Binocular Messier Certificate
Priscilla Andrews – 1992-Oct-16
Lunar Club Certificate
Elise Donaghy - 1998-Sep-28
Messier Club Certificate
Frank R. Pentz - 1974-Sep-28
Robert Kummerer - 1976-Jan-01
Bob Capone - 1996-Mar-11
As you can see, there are not very many Berks Astronomical Club members on the lists of Astro League Certificate Awardees. I’m sure their lists of awardees will be around for many years to come. So try a program or two and get your name on the roster for the whole world to see and in the process, improve your knowledge of the heavens.
Michael F. Bashore (firstname.lastname@example.org)
Not yet a real astronomer
I went to the lunar eclipse watch and spent a pleasant evening with friends watching the shadow of the earth making its way across the moon. The night was slightly spoiled by some cloud cover, but it was calm and warm. As I watched the progress of the eclipse a funny thought came to me. I wonder how the Flat Earth Society people would explain the curved shadow as the moon slid behind the edge of the earth. They are the ones who seriously believe that the earth is flat and that all of the space shots and moon explorations were faked using Hollywood special effects.
In fourth grade history class we were told that in the days of Columbus, everyone believed that the world was flat, and that if you sailed too far from land you would fall off the edge. That seemed a bit far fetched even for me at age ten because there would be no reason to try to find a sea route to China and India if that were true. I guess they wanted to keep things simple for fourth graders. As we know, educated people knew that the earth was round for over a thousand years before Columbus' voyage. It probably is true that illiterate peasants thought that the world was flat. Most people of that time could not read or write and never traveled more than thirty miles from their place of birth. Communication was so poor that one part of the world could have knowledge that the rest of the world might not get for hundreds of years. It was normal for there to be no technological change at all in most peoples lives. It sounds pretty boring to a techie like me.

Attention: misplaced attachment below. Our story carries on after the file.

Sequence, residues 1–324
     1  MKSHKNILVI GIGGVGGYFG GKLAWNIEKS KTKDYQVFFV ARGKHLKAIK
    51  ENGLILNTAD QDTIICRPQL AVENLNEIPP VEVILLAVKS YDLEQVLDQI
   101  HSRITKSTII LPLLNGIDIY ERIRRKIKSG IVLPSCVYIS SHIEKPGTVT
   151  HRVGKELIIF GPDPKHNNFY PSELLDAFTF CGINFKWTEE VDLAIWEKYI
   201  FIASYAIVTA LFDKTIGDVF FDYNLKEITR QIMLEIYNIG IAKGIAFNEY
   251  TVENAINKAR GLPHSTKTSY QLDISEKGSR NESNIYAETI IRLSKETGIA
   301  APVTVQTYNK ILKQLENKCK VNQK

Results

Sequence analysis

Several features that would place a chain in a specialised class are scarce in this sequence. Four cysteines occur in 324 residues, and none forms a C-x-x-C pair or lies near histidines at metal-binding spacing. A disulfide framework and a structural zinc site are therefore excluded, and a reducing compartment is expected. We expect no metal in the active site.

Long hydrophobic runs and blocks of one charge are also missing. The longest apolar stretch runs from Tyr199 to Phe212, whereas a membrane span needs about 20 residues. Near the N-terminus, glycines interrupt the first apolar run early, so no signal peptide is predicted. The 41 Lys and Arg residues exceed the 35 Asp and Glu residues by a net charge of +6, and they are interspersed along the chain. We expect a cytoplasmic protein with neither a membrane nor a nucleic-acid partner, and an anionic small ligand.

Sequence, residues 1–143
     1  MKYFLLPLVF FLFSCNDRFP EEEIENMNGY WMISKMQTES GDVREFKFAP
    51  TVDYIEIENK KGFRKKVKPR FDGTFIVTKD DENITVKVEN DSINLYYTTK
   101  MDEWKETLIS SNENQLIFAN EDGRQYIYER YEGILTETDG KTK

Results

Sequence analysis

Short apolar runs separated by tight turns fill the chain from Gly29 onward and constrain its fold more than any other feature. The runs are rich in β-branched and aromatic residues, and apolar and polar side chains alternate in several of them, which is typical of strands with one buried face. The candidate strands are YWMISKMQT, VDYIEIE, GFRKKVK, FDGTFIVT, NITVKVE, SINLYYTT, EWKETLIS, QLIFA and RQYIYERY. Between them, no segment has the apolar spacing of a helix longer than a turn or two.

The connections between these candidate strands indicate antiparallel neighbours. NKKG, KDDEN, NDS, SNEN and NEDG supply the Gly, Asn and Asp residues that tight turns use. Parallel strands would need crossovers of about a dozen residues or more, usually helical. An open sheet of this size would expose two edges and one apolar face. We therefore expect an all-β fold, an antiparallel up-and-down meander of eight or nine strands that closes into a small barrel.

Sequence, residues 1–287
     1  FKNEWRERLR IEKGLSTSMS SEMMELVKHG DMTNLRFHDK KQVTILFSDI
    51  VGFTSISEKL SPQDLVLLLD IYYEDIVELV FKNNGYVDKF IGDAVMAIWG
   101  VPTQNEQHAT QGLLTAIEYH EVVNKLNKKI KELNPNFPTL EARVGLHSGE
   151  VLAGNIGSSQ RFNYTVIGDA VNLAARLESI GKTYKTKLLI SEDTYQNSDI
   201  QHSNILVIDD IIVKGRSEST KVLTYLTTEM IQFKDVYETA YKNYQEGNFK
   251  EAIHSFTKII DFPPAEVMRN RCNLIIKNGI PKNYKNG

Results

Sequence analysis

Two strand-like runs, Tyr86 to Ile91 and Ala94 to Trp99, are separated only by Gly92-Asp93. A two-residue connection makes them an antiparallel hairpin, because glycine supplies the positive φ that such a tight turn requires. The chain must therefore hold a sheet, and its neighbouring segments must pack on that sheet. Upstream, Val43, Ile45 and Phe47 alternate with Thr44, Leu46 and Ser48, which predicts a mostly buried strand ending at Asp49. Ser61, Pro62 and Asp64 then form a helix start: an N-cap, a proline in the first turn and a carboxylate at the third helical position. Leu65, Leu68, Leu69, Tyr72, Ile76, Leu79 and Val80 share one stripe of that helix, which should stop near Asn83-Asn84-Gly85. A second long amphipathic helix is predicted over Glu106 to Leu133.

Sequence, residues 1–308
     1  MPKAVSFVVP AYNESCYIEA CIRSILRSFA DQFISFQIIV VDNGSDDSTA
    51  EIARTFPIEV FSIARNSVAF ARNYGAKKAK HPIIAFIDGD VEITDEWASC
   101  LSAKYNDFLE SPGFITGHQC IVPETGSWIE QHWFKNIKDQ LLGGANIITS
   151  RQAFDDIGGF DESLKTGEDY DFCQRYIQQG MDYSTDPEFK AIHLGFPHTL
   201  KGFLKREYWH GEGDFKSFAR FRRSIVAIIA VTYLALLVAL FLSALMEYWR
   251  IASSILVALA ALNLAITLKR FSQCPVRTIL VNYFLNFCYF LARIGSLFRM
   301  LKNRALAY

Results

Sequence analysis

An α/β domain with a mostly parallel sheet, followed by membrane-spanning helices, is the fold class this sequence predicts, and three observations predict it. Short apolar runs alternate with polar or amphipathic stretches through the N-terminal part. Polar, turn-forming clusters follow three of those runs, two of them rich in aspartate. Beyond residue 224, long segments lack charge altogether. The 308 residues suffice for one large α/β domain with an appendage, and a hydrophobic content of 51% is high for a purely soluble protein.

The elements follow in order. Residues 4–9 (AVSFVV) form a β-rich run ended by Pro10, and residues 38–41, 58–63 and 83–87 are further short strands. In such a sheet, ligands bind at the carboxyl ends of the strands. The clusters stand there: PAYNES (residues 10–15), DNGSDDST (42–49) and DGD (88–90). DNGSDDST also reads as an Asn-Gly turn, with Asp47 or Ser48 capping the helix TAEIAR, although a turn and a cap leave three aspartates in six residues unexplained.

Columbus was a master seaman and navigator. He had a great reputation and was able to sell his plan to Queen Isabelle and her court. There were two things wrong with his plan. First, there was little knowledge about the land masses of the earth and most geographers guessed that the earth was more than half covered by land. As we know, it is less than one-third. Secondly, Columbus used a number for the diameter of the earth that was only three fourths the real diameter. This is such a glaring error that historians speculate that he deliberately used the smaller number to help sell his plan. During his voyage he used celestial navigation to keep track of his latitude, but in those days before reliable clocks, he could only guess at longitude by dead reckoning. The net result of Columbus' errors was that the trip across the ocean was longer than he expected and he guessed that he had reached India. The fact that many more trips were made shortly after his first one tells us that sailing technology was ready for European exploitation of the New World.